Van De Water: The Story Of Cinderella

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Carine Kessie Prof: Van De Water ENG 2010-29 Friday 3, 2017 Cinderella Once upon a time, there was a beautiful girl named Cinderella. She lived with her wicked stepmother and two stepsisters. They treated Cinderella very badly. One day, they were invited for a grand ball in the king’s palace. But Cinderella’s stepmother would not let her go. Cinderella was made to sew new party gowns for her stepmother and stepsisters, and curl their hair. They then went to the ball, leaving Cinderella alone at home. Cinderella felt very sad and began to cry. Suddenly, a fairy godmother appeared and said, “Don’t cry, Cinderella! I will send you to the ball!” (Donahue 2015). The godmother did her magic, changed Cinderella’s old clothes into a beautiful new…show more content…
The plot of Cinderella displays the incredibly conservative nature of this text. This plotline allows the interpellation of traditional beliefs concerning femininity and encourages the blind acceptance of these beliefs, such as the idea that all one has to be is “as kind and sweet as she” (Perrault, 77) to capture the prince’s heart. The role of females and the importance of femininity in finding a husband are also important messages in Cinderella. For example, Cinderella is described as being of an “exceptionally sweet and gentle nature. She got this from her mother, who had been the nicest person in the world. . . The poor girl endured everything patiently, not daring to complain to her father” (Perrault, 67). This description describes the ideal bride for a man of these times because she not only is beautiful and kind, but also won’t complain about having to do work. The typical plot also reinforces the idea of outer beauty to initially attract the man and inner beauty to capture his heart. The happy ending of the story reaffirms the common assumption that children’s stories need to have happy endings in order to protect childhood innocence. Finally, the plot sets up roles for people to be interpolated into. The story encourages little girls to want to be Cinderella and to believe that they will be rescued from their evil families one day and placed into their rightful roles as princesses, which further perpetuates the traditional beliefs of femininity expressed in the…show more content…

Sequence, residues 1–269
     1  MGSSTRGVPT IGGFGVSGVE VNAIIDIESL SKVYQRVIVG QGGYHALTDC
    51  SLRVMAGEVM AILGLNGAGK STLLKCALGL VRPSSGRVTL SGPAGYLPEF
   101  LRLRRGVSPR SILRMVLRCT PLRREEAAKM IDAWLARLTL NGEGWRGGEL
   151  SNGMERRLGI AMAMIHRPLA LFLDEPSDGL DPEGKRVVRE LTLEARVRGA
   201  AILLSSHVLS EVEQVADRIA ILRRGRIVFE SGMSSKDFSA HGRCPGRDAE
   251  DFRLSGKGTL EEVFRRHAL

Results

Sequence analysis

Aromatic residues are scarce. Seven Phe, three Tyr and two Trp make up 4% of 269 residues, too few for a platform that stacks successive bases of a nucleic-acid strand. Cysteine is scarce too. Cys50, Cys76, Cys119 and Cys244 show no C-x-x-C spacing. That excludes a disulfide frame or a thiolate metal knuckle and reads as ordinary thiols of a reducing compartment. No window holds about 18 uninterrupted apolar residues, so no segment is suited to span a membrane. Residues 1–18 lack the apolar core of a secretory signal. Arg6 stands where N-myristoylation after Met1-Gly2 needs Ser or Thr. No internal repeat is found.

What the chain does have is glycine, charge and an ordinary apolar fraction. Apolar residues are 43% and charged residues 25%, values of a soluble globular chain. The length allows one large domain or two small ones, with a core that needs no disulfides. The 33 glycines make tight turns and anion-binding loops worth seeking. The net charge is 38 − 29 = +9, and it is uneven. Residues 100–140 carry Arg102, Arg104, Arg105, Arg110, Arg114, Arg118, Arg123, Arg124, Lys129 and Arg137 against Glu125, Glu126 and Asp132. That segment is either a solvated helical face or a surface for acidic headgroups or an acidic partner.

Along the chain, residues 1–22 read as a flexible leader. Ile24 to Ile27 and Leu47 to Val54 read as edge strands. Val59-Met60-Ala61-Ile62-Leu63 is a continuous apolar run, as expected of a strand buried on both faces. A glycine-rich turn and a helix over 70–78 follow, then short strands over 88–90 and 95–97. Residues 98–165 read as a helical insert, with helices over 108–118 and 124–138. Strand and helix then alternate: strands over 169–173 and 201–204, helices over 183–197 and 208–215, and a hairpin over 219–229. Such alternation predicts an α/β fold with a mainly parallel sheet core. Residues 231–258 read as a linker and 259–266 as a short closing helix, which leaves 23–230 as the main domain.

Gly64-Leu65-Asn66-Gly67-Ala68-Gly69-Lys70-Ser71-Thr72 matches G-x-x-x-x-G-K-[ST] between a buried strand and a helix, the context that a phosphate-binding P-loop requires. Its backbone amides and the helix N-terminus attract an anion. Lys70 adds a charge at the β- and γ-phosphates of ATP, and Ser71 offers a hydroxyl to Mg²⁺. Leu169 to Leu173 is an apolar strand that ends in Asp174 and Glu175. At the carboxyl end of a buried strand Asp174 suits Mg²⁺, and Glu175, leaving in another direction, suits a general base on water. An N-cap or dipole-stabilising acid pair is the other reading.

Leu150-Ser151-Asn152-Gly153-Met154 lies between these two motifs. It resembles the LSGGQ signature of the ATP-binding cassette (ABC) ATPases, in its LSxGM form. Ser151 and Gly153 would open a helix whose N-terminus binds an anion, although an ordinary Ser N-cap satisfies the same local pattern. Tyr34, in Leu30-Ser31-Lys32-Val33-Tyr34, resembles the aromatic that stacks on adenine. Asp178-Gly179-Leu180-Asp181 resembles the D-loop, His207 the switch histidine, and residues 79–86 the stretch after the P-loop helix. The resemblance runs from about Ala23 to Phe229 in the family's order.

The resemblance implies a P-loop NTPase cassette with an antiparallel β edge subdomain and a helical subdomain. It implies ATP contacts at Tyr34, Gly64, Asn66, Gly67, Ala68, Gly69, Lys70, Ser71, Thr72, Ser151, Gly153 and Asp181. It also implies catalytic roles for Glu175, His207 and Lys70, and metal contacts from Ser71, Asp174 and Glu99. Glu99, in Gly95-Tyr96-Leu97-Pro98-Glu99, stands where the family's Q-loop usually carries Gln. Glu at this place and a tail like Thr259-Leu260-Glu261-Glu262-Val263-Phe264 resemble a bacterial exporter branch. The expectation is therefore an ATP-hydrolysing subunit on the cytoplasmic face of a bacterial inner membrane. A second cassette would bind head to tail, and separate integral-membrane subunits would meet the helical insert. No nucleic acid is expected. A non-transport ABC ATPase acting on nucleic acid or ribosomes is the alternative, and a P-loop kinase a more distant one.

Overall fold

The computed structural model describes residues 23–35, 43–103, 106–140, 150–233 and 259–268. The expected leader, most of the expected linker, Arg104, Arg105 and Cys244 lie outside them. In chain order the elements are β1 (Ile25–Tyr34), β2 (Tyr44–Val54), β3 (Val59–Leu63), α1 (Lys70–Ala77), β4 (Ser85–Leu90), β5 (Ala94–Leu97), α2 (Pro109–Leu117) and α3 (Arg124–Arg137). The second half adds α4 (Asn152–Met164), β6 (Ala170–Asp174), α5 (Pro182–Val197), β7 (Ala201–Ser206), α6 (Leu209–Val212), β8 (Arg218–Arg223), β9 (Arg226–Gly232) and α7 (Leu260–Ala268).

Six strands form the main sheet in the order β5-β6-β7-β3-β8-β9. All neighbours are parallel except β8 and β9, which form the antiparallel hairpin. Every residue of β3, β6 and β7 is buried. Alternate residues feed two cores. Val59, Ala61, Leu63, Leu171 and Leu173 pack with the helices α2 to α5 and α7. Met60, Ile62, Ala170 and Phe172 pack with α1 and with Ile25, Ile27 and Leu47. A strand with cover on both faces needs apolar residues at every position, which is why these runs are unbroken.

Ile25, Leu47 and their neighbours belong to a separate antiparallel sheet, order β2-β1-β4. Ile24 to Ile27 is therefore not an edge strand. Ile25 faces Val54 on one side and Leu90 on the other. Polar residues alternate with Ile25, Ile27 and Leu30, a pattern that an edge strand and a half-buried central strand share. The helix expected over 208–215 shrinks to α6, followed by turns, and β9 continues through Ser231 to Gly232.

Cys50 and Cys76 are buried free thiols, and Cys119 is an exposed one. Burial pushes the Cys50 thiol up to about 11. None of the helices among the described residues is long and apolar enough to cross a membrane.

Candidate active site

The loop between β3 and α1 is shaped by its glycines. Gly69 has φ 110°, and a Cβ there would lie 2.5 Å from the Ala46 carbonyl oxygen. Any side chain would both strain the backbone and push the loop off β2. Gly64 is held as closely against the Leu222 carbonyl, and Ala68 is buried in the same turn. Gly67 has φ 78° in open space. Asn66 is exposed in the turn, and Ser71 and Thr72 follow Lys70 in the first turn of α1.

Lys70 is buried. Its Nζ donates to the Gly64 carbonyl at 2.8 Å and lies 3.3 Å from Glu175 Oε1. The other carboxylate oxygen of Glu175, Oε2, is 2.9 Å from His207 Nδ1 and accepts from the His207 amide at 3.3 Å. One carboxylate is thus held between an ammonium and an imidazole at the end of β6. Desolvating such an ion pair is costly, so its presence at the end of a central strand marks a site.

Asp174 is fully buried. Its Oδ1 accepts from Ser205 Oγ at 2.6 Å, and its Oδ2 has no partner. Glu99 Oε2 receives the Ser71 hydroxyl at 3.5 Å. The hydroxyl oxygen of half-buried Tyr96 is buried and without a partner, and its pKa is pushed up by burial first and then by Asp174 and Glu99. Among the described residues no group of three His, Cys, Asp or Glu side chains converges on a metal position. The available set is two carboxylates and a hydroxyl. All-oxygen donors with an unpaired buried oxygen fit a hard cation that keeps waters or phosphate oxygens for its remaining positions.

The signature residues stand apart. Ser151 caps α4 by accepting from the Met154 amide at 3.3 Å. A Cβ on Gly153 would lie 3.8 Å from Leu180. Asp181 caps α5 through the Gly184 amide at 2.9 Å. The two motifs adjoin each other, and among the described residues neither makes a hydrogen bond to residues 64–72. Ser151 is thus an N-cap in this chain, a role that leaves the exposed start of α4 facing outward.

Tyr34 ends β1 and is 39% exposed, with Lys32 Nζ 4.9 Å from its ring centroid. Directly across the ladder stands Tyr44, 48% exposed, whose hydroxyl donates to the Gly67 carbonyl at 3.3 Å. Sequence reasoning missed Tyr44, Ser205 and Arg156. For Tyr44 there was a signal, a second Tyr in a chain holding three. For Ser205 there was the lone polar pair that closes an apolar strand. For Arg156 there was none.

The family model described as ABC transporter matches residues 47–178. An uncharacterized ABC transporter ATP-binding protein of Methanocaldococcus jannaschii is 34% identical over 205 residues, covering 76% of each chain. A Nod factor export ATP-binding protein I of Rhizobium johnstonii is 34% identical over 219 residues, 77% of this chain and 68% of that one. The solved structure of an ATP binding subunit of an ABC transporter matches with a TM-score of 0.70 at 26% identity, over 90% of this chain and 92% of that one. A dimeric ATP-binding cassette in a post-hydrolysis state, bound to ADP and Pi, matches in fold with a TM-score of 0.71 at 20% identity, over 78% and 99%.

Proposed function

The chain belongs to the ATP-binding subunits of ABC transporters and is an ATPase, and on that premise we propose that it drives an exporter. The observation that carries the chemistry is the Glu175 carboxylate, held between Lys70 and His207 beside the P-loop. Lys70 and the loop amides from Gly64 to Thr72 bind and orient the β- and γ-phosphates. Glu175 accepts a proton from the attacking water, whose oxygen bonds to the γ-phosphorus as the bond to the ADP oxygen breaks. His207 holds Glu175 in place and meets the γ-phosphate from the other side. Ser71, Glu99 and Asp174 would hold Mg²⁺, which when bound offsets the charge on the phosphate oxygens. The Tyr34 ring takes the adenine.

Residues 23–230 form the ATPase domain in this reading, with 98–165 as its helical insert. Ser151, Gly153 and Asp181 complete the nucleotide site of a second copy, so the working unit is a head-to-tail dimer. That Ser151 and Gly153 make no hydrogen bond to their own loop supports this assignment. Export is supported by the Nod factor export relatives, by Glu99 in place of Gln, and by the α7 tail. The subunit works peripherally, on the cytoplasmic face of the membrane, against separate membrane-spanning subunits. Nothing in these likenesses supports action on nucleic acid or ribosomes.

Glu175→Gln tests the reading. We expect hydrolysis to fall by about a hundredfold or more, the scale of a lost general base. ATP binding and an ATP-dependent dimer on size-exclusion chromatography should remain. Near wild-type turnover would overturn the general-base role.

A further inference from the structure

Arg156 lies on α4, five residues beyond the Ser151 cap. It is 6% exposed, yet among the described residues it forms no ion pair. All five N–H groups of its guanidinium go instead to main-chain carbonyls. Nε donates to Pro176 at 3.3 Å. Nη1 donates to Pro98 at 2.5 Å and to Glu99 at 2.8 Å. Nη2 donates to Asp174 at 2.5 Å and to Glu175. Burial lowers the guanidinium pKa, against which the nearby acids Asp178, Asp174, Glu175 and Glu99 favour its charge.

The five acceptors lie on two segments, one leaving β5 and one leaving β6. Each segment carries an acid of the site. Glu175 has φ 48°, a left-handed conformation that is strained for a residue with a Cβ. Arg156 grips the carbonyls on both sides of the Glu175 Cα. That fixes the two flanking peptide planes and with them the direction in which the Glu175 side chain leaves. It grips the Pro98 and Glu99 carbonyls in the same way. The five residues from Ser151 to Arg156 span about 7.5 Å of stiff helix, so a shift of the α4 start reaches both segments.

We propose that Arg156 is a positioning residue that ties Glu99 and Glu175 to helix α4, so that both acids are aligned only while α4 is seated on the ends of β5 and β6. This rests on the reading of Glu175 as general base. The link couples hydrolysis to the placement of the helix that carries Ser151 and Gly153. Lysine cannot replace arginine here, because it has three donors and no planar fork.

The most striking adult-centered element is the incredibly didactic nature of Cinderella. Perrault’s version is the most didactic because the moral is actually clearly stated at the end of the story in verse form. Although Perrault’s moral is strange it still serves the clear purpose of telling the reader what this story is supposed to teach them. The other four versions of the story of Cinderella are not as straightforward; however, the moral teaching is still present in the contents of the story. The moral to be carried away from Cendrillon, Bubba the Cowboy Prince, and Ashputtle is that if you remain a kind-hearted and respectful individual in all circumstances you will one day be rescued from your circumstances to live happily ever after. The moral of Cinder Edna is similar to the others; however, this story encourages the reader to rescue himself or herself as well as to just be yourself because in the end you will be happier that

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